artist / participant
The exhibition Melantropics features work by German and Brazilian artist Janaina Tschape that explores the amalgamation of the female body and landscape through the use of photography, video, and drawing. Created in public and private gardens, the work in the exhibition presents a curious botanical milieu embodied with notions of solitude and references to mythology and folklore. Melantropics is a concept invented by Tschape that combines the words melancholy and tropics and refers to the epidemic of melancholy that occurred in Brazil at the end of the 19th century. Hybridity is a thread throughout Tschape's work and titles—she combines elements found in nature with fabricated costumes and props and blends words and languages to form new ones which results in her own fictitious botanical nomenclature. In the photographs and videos, Tschape constructs imaginary environments that exist between the natural and the artificial. Tschape produced a new series of photographs and videos during a weeklong residency at the Missouri Botanical Garden located in St. Louis. Founded by Henry Shaw in 1859, it is one of the oldest botanical institutions in the country and a National Historic Landmark. The Garden serves as an oasis in the city of St. Louis—79 acres of beautiful horticultural display, including a 14-acre Japanese strolling garden and the Climatron conservatory simulating a tropical lowland rainforest. In addition to the work made in St. Louis, Melantropics also includes photographs and video work Tschape produced on-site in the tropical Parque Lage, located in Rio de Janeiro, Brazil. Designed in the late 1840s by the English gardener John Tyndale, Parque Lage is comprised of gardens, dense forests, and small grottos.
Tschape's performance-oriented photographs and videos are created amongst lush botanical settings wherein she directs human models, in this case young, quiescent women wearing artist-made costumes that are biomorphic in form and include various appendages of latex, inflatables, and colorful fabrics. These curious, artificial extensions of the youthful female body evoke imaginary and fictitious creatures. The models interact with props, such as helium-filled balloons, fabric forms, and the natural and man-made surroundings. The vibrant costumes transform individuals into hybrid living things—part creature, part flower—where they linger quietly in a location that is neither here nor there (not quite in the natural world and not fully in the realm of fiction). In these images, the discovery of a new mythic creature in its habitat suggest secrets abound.
Nestled amongst the lush foliage of the garden, the young woman in the photograph Ovalaria Floris might be mistaken for a flower or a garden nymph. Pink and white fabric appendages drape from her body and lie beside her like fallen flower petals from the tree she sits beneath. In Octopussi Mollis, a squid-like creature with tentacles that protrude and spread out on the verdant green lawn lies motionless as if resting, sleeping, or perhaps even deceased. In other photographs, Tschape populates the surroundings with vegetation she creates from handmade fabric and plasticine in an effort to create a tension between what is natural and what is artificial. These surreal sculptural forms of bright oranges, blues, yellows, pinks, and greens appear to be new growths, suggesting that their origins are possibly magical or perhaps even invasive.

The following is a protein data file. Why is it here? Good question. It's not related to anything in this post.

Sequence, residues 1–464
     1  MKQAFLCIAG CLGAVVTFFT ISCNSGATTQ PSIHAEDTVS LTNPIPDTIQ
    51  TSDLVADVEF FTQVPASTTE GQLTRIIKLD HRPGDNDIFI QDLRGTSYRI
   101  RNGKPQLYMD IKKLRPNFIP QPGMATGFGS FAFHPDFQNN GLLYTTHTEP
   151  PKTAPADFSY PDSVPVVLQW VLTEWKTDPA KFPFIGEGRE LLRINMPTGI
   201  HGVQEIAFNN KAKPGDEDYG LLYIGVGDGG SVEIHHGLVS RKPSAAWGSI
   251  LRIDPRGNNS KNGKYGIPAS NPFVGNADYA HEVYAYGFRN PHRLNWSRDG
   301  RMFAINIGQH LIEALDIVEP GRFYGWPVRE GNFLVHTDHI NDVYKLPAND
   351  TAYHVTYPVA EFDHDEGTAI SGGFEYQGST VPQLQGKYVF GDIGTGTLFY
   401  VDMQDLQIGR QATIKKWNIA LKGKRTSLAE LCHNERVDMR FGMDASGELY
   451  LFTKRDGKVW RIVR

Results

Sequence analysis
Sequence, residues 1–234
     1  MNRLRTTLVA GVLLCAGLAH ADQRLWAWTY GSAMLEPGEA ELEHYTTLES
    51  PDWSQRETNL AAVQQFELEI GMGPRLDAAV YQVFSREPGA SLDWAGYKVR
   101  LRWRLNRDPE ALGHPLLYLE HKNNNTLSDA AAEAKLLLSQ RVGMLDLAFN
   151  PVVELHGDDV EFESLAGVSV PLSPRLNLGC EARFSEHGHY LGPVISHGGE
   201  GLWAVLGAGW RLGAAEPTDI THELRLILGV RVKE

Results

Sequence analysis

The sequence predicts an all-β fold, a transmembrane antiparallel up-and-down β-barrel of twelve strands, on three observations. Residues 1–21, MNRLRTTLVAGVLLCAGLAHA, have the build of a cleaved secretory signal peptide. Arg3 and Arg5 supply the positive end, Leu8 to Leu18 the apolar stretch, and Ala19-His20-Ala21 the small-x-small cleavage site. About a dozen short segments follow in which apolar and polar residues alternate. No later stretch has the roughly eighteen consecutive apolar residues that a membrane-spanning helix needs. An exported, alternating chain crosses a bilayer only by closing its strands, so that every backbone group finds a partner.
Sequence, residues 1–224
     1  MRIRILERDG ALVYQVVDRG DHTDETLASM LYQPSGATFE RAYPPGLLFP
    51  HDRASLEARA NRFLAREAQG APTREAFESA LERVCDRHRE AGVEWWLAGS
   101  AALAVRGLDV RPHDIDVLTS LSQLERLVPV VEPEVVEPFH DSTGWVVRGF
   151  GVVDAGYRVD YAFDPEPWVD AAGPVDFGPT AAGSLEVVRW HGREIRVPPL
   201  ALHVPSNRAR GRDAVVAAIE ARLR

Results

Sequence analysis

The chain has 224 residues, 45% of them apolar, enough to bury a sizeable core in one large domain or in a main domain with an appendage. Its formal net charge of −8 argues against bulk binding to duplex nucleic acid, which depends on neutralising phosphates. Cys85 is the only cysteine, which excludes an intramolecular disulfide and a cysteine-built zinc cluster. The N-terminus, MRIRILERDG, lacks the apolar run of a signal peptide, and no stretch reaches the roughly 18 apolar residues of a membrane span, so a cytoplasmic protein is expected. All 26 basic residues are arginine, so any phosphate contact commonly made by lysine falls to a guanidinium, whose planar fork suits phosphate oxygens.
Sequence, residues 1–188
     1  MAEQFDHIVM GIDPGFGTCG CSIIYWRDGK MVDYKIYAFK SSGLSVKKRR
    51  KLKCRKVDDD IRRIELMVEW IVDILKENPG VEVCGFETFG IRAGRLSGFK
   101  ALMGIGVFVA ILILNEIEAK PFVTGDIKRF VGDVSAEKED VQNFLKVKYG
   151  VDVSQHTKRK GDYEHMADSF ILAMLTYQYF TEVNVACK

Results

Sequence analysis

The large-scale photographs from the public settings are complimented with the inclusion of Polaroids Tschape produced in her private garden in Brooklyn where she cultivates a variety of plant life. These images contain paper-doll cutouts of costumed models arranged within the foliage and then re-photographed. The images of pixie-like figures and garden nymphs interact within their enchanted settings. As referenced in the title of the series, A Botanist's Dream, these tiny hybrid creatures might be found in a terrarium where they frolic in their surroundings and/or are kept captive for display, study, and enjoyment. Accompanying the Polaroids in the gallery are three new videos, entitled Insomnia, where the restless mythic creatures intermingle with one another as they roam their surroundings with curiosity.
The garden is a locus of marvel and delight, where things blossom, flourish, entice, wither, decay, and die. It is also a place of nature and artifice as it can effectively be shaped, controlled, and cultivated. It is a territory that fosters growth and manipulation; where human intervention entwines with the organic. The settings Janaina Tschape conceives in her work are vibrant, seductive, surreal, and at the same time contemplative, still, and melancholic. Her fabricated creatures and vegetation enhance the existing botanical environments by taking them into the realm of dream and fantasy.
Andrea Green Curatorial Assistant
only in german
Janaina Tschäpe: Melantropics